During yesterday’s oral argument in the Bladensburg Cross case, the justices were obviously grappling to find a way to resolve the thorny issues it presents. The government owns, displays and maintains a 40-foot-tall cross on public property. That seems like a clear violation of church-state separation, so what’s the problem?
To the extent that there is a problem, it’s largely one of the justices’ own making.
I don’t want to get all legalistic on everyone, but to understand the problem, it’s helpful to know a little about how the Supreme Court operates. The court often seeks to settle issues through the use of tests – a standard that can be applied in similar cases to ensure that there will be at least some degree of uniformity among decisions.
In 1971, the Supreme Court formally adopted a three-part test for deciding church-state cases, though earlier cases had applied similar analyses. Known as the Lemon Test after the case that described it, Lemon v. Kurtzman, the test holds that church-state separation is violated if any one of three conditions are present:
* The governmental action has a predominantly religious purpose.
* The government action has a primary effect of advancing or inhibiting religion.
* The governmental action fosters excessive entanglement between religion and government.
It’s a good test – but it has been irregularly applied. In 1983, a case reached the high court challenging a taxpayer-funded chaplain whose job was to recite prayers in the Nebraska legislature. That would seem to be a clear violation of all three prongs of the Lemon Test, but a majority of justices didn’t want to make the tough call that was required, so they put the test aside and said legislative chaplains are permissible because there’s a long and unbroken history of them in Congress going back all the way to the adoption of the Bill of Rights.
Later, as the court grew more conservative, the Lemon Test was sometimes ignored. Justice Sandra Day O’Connor refined the Lemon test through an “Endorsement Test” that asks whether governmental conducts endorses religion, and a majority of the Court adopted this test, but conservative justices attacked it because they thought that it made it too easy to show a church-state violation.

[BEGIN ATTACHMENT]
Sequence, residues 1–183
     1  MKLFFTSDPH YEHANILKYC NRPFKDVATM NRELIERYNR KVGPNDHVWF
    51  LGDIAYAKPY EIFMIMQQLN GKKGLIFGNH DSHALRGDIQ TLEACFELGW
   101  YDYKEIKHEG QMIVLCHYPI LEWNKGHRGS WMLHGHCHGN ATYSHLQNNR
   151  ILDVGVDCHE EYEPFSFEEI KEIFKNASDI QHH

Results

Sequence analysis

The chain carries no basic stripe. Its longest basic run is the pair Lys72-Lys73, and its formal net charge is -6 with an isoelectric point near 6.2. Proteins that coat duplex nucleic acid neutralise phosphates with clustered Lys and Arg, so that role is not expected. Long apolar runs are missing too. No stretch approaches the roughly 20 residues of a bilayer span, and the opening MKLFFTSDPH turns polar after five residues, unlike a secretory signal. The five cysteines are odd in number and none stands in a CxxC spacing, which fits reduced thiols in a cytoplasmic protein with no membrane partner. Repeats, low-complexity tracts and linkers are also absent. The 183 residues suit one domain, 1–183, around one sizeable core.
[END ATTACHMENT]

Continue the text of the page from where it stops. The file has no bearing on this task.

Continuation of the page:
Lower federal courts still regularly cite the Lemon Test and apply it, but a Supreme Court majority has not done so for a while. The last time I can recall the Lemon Test being applied by a majority of the high court was in a 2005 case called McCreary County v. American Civil Liberties Union of Kentucky – yet it has never been officially overturned.
During yesterday’s argument, Justice Neil Gorsuch more or less called for ditching the Lemon Test once and for all. He got some support from Chief Justice John G. Roberts, who bemoaned the “confusion” lower courts must deal with as they decide how, if and when to apply the Lemon Test.
Maybe there is some confusion out there, but I’d submit the Supreme Court is responsible for it. Lemon is a good test that ensures there will be a decent distance between church and state. If it were applied consistently, it would be an important tool to protect everyone as our country’s pluralism expands.
The Lemon Test has served the country well and should not be so blithely tossed aside. Rather than criticize the test, perhaps the justices should face up to what they’ve done, accept that they are to blame for the confusion and make amends.
A good place to start would be by calling the Lemon Test home and welcoming it back into an honored place in American jurisprudence.
Photo: Fred Schilling, Collection of the Supreme Court of the United States